If your spouse seems tired (dare I say “crazy tired”?), step up and take over for a bit. It is an important thing to do both for the health of your baby and wife and the sanity of your household. You’ll have to think on your toes and step in where you can help. There are some things that you won’t be able to do, such as feeding, depending on your situation, but there are plenty of other things, such as diaper changes and keeping up with the chores, that will help out a ton. Take the time and make your wife her favorite snack, bring her a nice drink, or anything like that. Don’t underestimate how much doing “small things” will make a huge difference!

Preparing to go back to work

Ah, the toughest part of all – knowing that you won’t be part of the day-to-day and having to leave your wife and child to head back to work. This was hard… brutally hard. After we spent an extended amount of time in the hospital with our first child, it felt as though I only had a bit of time at home with them before I was forced to get back to the office. If you have a flexible job, try to plan projects, conversions, or whatever applies to your field, either well before your due date or well after your due date. In my experience, you’ll be very tired and it really does make it a lot harder to think critically. You’ll thank yourself later.

You won’t know it all, but everything will be fine

Sometimes, I feel that there is a lot of pressure these days to know everything. It is OK to not know how to be a dad. Hopefully you’ve done the basic research and have the equipment necessary to keep your baby safe, but you’ll learn the rest as you go. Listen to advice that is given by friends and family, but don’t be afraid to do things in a way that works for your family. You’ll learn what your baby’s different cries mean, how to read temperaments, and everything else that comes along. Also, if you have medical questions, don’t hesitate to call your child’s pediatrician. That’s what they are there for and you’ll find that even though you might think your question is trivial, they will be happy to help. Soon you will hardly be able to remember a time before having children.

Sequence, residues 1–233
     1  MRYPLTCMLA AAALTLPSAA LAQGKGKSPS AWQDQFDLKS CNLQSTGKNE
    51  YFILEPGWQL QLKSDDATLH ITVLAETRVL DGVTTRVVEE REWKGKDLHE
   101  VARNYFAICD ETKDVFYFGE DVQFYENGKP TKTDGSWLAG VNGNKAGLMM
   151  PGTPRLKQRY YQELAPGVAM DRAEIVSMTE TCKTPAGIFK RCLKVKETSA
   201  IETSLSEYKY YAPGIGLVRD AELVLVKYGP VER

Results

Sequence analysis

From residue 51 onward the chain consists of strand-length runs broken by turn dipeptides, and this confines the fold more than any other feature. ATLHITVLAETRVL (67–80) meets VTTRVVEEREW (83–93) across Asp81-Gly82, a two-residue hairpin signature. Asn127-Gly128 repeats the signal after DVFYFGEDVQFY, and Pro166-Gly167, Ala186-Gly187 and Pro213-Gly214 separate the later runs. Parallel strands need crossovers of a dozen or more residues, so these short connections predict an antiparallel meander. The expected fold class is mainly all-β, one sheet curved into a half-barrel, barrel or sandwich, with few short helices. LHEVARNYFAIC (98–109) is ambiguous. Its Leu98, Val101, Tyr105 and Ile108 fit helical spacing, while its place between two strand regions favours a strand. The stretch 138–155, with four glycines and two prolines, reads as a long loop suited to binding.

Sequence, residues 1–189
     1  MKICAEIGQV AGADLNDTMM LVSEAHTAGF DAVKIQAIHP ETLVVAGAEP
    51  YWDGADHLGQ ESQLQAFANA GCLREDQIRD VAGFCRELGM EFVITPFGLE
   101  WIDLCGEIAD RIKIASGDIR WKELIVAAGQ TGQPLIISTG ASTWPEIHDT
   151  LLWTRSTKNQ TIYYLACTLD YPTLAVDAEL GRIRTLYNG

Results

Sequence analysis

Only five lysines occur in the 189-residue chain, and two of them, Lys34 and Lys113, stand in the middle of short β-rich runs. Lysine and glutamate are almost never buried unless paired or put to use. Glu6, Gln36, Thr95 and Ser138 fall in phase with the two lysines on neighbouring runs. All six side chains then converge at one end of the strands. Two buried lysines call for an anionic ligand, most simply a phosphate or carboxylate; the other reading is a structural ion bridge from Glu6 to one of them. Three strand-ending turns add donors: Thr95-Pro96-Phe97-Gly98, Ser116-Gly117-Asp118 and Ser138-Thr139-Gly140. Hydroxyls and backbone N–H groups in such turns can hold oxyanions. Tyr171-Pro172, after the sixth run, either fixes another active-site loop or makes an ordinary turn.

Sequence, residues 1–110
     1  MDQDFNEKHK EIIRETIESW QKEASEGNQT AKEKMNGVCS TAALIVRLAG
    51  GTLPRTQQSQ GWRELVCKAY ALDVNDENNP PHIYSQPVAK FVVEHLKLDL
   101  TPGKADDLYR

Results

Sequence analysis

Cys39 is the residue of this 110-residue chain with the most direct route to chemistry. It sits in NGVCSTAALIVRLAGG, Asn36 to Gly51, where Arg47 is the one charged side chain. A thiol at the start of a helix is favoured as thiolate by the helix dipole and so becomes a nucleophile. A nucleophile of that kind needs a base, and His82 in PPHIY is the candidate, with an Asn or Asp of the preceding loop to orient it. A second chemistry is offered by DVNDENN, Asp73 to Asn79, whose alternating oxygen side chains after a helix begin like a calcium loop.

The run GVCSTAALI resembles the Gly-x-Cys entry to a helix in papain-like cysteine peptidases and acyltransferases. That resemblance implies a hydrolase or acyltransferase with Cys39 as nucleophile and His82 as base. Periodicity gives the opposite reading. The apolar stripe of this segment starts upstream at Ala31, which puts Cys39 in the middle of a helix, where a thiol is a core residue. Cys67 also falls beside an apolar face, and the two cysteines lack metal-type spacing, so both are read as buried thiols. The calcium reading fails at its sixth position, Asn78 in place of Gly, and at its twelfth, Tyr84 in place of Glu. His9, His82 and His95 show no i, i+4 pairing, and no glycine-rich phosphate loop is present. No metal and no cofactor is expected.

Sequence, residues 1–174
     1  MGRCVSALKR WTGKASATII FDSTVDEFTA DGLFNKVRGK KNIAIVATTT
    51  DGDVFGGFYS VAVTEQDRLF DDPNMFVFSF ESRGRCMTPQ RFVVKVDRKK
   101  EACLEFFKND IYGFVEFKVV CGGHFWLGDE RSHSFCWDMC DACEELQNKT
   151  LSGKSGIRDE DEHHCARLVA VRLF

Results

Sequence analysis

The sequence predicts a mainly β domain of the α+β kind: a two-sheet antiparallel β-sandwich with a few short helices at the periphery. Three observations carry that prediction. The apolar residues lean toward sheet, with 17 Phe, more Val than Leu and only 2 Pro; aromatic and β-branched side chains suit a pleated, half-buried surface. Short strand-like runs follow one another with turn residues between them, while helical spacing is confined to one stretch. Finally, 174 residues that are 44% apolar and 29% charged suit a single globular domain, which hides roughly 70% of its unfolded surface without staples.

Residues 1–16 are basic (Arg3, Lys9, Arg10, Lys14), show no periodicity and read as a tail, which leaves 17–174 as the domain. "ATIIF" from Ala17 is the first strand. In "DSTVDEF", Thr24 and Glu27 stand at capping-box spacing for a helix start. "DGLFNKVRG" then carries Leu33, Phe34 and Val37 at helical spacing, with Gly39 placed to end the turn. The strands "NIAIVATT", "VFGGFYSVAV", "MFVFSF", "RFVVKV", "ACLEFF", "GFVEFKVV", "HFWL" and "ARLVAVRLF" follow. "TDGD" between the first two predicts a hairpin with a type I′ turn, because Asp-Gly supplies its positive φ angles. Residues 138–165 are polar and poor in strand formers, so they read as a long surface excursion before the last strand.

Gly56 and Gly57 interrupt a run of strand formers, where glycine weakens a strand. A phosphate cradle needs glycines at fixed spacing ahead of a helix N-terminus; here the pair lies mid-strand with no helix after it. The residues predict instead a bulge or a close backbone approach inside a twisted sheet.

Enjoy every moment of it, the good and the bad, because before you know it, your newborn will be running around your house and you’ll long for the days you were able to hold them in your arms for hours on end.  Being a dad is the most amazing thing in the world.

I hope you find some of these suggestions helpful. If you have any tips or tricks to share that might help someone out, feel free to leave a comment below. We’d love to hear from you.

9 comments

Marilyn Lesniak

Thank you so much for linking at #overthemoon! I look forward to seeing what you share every week. Please come back for #WonderfulWednesday or #ThursdayFavoriteThings. Enjoy your week ahead.

Melissa Ruddy

Dad’s are the ultra important often left-out part of the equation. I know my husband was amazing after both our kids were born. Dad’s are so unrated and never really given the credit they deserve during this time I’m really glad you are giving the dad perspective.

The Efficient Dad

Thanks so much for the kind words and thank you for reading!

Lori Hill-Smith

Great advice for dads of newborns! Thanks for encouraging the fathers out there!!

The Efficient Dad

Hi Lori,

Thanks so much for stopping by!

Oh, I remember these first 2 weeks well… so exciting and EXHAUSTING!!! Thanks for sharing your tips with all of us — you’re a great dad!

The Efficient Dad

Exhausting might even be an understatement! But oh so worth it.

These are all great tips. I would add that in the hospital you can very nicely 🙂 ask your nurse not to disturb you in the middle of the night. I didn’t get this fun bit of information until my third child. I asked my nurse not to bother us and when baby woke up I would buzz. She did what I requested. Perfect night of rest, with only one interruption first night with new baby.

The Efficient Dad

Now that’s a great tip. I hope the future parents out there read this so they can enjoy some sleep in the hospital as well. Thanks!